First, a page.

Amery Ice Shelf

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Amery Ice Shelf
Amery Ice Shelf.jpg
Satellite image from early 2012 of a portion of the Amery Ice Shelf, where three giant rifts met. The "loose tooth" is to the right. The area to the left broke off the shelf in 2019 to form iceberg D-28.
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Location of Amery Ice Shelf in Antarctica
Location Mac. Robertson Land
Coordinates 69°45′S71°00′E / 69.750°S 71.000°E / -69.750; 71.000

The Amery Ice Shelf ( 69°45′S71°0′E / 69.750°S 71.000°E / -69.750; 71.000 Coordinates: 69°45′S71°0′E / 69.750°S 71.000°E / -69.750; 71.000 ) is a broad ice shelf in Antarctica at the head of Prydz Bay between the Lars Christensen Coast and Ingrid Christensen Coast. It is part of Mac. Robertson Land. The name "Cape Amery" was applied to a coastal angle mapped on 11 February 1931 by the British Australian New Zealand Antarctic Research Expedition (BANZARE) under Douglas Mawson. He named it for William Bankes Amery, a civil servant who represented the United Kingdom government in Australia (1925–28). The Advisory Committee on Antarctic Names interpreted this feature to be a portion of an ice shelf and, in 1947, applied the name Amery to the whole shelf.

Contents

In 2001 two holes were drilled through the ice shelf by scientists from the Australian Antarctic Division and specially designed seabed sampling and photographic equipment was lowered to the underlying seabed. By studying the fossil composition of sediment samples recovered, scientists have inferred that a major retreat of the Amery Ice Shelf to at least 80 km landward of its present location may have occurred during the mid-Holocene climatic optimum (about 5,700 years ago). [1]

In December 2006, it was reported by the Australian Broadcasting Corporation that Australian scientists were heading to the Amery Ice Shelf to investigate enormous cracks that had been forming for over a decade at a rate of three to five metres a day. Scientists wanted to discover what was causing the cracks, as there has not been similar activity since the 1960s. However, the head of research stated that it is too early to attribute the cause to global warming as there is the possibility of a natural 50-60 year cycle being responsible. [2]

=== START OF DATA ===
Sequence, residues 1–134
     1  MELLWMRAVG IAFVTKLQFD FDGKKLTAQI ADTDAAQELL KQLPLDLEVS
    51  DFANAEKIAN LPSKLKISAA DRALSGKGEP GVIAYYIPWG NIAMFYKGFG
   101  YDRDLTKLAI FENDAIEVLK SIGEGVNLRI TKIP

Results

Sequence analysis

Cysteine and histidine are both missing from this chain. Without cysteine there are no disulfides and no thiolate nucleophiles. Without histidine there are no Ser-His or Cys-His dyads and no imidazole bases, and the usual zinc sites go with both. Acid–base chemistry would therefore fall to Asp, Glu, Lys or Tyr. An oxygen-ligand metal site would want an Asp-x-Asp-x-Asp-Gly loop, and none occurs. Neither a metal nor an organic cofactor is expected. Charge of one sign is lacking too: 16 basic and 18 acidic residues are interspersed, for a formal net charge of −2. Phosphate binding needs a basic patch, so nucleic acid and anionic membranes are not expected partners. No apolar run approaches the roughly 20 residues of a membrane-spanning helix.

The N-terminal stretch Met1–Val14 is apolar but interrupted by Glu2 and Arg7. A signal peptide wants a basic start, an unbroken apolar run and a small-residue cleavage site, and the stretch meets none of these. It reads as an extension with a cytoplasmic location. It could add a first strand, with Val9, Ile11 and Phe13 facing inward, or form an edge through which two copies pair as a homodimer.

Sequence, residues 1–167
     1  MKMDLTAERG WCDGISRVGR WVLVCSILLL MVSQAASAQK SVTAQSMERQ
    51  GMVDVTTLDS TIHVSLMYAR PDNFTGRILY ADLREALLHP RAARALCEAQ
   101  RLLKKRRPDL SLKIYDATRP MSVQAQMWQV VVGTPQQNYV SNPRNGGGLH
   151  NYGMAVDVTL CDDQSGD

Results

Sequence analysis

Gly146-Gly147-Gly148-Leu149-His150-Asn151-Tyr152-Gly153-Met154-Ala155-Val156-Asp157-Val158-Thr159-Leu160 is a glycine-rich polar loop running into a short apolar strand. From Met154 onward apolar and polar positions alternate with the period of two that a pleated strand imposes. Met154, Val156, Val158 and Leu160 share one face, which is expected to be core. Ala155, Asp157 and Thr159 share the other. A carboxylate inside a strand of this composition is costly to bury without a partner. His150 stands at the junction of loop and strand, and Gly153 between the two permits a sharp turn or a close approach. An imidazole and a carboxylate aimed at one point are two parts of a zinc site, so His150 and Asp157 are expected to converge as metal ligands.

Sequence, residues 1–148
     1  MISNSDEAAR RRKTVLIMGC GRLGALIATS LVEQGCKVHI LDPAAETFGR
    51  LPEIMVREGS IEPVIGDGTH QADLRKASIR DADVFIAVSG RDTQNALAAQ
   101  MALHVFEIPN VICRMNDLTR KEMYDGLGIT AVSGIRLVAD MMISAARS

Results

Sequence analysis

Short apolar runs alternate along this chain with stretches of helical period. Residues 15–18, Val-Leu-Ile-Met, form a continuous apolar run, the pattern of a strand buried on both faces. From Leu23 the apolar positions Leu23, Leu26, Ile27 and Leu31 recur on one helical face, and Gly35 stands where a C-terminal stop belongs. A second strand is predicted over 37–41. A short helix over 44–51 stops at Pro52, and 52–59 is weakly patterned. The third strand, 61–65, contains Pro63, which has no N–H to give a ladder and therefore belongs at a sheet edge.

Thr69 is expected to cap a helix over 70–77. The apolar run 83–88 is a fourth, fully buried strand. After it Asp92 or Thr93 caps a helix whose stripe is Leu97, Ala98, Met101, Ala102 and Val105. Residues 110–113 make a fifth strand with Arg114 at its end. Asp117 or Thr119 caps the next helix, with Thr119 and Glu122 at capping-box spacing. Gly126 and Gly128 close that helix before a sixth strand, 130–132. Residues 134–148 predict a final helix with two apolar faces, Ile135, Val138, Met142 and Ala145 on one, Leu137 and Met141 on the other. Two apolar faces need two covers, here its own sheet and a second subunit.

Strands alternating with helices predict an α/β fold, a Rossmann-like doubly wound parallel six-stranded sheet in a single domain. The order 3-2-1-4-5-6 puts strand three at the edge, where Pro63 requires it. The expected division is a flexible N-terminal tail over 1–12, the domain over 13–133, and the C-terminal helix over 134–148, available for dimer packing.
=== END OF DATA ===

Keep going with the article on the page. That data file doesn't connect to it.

Lambert Glacier flows from Lambert Graben into the Amery Ice Shelf on the southwest side of Prydz Bay.

The Amery Basin ( 68°15′S74°30′E / 68.250°S 74.500°E / -68.250; 74.500 ) is an undersea basin north of the Amery Ice Shelf.

The Chinese Antarctic Zhongshan Station and Russian Progress Station are located near this ice shelf.

The Amery Ice Shelf is the third largest ice shelf in Antarctica, after the Ross Ice Shelf and the Filchner-Ronne Ice Shelf.

Calving

The D-28 iceberg breaking off Amery Iceberg animation.gif
The D-28 iceberg breaking off

In September 2019, a large iceberg known as D-28 calved from the ice shelf. It was 1,636 square kilometres (632 sq mi) [3] in size and with an estimated weight of 315 billion tonnes. [4] As of October 2019, it continues to be monitored due to the threat it could pose to shipping channels. An adjacent ice formation, nicknamed the "loose tooth", was originally predicted to calve from the ice sheet between 2010 and 2015. [5]

In February 2020, D-28 was lodged against the edge of the shelf, and slowly drifting northwards.

By May 2021, the iceberg had drifted 46 degrees west to the King Baudouin Ice Shelf, colliding with and destroying the Dog's Head Landing Site, an ice floe used for several years as a landing stage by the Belgian Antarctic Program. [6]

See also

Related Research Articles